The National Federation of Independent Business will hold a training session for business owners next week instructing how to talk to employees about "the importance of the 2012 elections," a theme Republican presidential nominee Mitt Romney and several corporate CEOs have touched in recent weeks.
The GOP-backing NFIB, which has boosted candidacies of Republican hard-liners Todd Akin, Richard Mourdock and Josh Mandel, and has received $3.7 million from Karl Rove's Crossroads GPS, touts the training session as a way "to ensure business owners have the resources to grow their business."
On Oct. 30, the NFIB will host a two-hour seminar in Torrington, Conn., for business owners and top executives to learn how to "prepare [their] employees for the crucial upcoming election."
The NFIB, a self-professed nonpartisan "voice of small business", has waded into a number of national and local elections this year, and has almost exclusively supported Republican candidates. Most notably, the lobbying group endorsed Akin, the Republican Missouri Senate candidate whose comments on "legitimate rape" sparked national outrage. The group also has put financial support behind GOP Senate candidates Scott Brown and George Allen, and has donated to Paul Ryan's congressional campaign.
As HuffPost's Ryan Grim and Zach Carter reported last year, the NFIB has a history of siding with Republicans, even at the expense of the small businesses it purports to represent. Many of the issues the group has spent resources on, such as extending ex-President George W. Bush's tax cuts for the highest income brackets and fighting climate change legislation, have been largely unrelated to small business interests. The group also was a fervent opponent of President Barack Obama's 2009 stimulus package, although more than 30 percent of the federal contracts awarded have gone to small businesses.
Next week's conference isn't the only effort the NFIB has made to encourage employers to engage workers in the election. The group also released a video titled the "Top 5 Ways Employers Can Discuss Elections With Their Employees," which includes comparing the candidates and urging workers to look at the NFIB's "How Congress Voted" report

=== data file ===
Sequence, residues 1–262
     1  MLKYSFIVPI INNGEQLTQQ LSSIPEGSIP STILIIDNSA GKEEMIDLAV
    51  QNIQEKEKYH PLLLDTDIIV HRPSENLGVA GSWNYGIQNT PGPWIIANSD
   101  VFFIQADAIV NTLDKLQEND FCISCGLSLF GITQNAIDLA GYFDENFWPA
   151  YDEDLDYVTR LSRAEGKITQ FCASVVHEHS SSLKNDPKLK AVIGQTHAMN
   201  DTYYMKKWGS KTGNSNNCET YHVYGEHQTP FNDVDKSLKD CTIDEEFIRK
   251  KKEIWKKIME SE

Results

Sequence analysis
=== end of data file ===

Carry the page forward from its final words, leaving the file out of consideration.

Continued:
In recent weeks, a number CEOs have encouraged their employees to vote for Mitt Romney and other Republican candidates. Westgate Resorts CEO David Siegel sent an email to his workers detailing how Obama's policies would "threaten" their jobs.
"If any new taxes are levied on me, or my company, as our current president plans, I will have no choice but to reduce the size of this company," Siegel wrote.
In a June press conference call hosted by the NFIB, Romney urged small business owners to tell workers which candidate they support for president, and how the upcoming election would affect their employers.
"I hope you make it very clear to your employees what you believe is in the best interest of your enterprise and therefore their job and their future in the upcoming elections," Romney said. "And whether you agree with me or you agree with President Obama, or whatever your political view, I hope, I hope you pass those along to your employees."
Under the Supreme Court's Citizens United ruling, which significantly expands the political speech rights of corporations and labor unions, employers can compel workers to participate in campaigns -- a fact Romney noted on the call.
NFIB spokeswoman Jean Card said the training session and the video are get-out-the-vote efforts and are not intended to endorse one candidate over the other.
“NFIB's goal is not to pressure our members' employees to vote a certain way, but to encourage voting in general," Card said in a statement to The Huffington Post. "To compare our nonpartisan tips and information to the message that David Siegel sent to his employees is patently unfair; NFIB makes no reference to specific candidates when talking about employee communication. Our advocacy and political efforts are driven strictly by the issues that impact small business -- that's the area where we really want our members to engage their employees in conversation."
Below, a screenshot of the NFIB event listing.
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